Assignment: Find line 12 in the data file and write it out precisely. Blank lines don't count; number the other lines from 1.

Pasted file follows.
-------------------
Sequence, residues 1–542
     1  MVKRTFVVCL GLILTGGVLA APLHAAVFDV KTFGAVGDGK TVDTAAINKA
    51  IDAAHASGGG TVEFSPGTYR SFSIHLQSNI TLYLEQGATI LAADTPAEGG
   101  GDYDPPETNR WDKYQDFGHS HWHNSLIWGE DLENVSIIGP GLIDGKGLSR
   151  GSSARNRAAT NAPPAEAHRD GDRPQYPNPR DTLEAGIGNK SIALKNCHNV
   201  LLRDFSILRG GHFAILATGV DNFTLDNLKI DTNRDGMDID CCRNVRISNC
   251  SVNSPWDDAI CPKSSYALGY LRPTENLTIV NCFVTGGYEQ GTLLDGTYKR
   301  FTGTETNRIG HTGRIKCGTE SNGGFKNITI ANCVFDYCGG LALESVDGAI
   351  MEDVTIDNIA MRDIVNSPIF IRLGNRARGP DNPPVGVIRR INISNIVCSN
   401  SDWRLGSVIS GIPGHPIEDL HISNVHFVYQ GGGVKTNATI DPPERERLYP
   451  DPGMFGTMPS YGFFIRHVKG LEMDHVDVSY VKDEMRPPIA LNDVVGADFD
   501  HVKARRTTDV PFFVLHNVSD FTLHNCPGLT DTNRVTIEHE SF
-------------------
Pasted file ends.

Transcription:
   501  HVKARRTTDV PFFVLHNVSD FTLHNCPGLT DTNRVTIEHE SF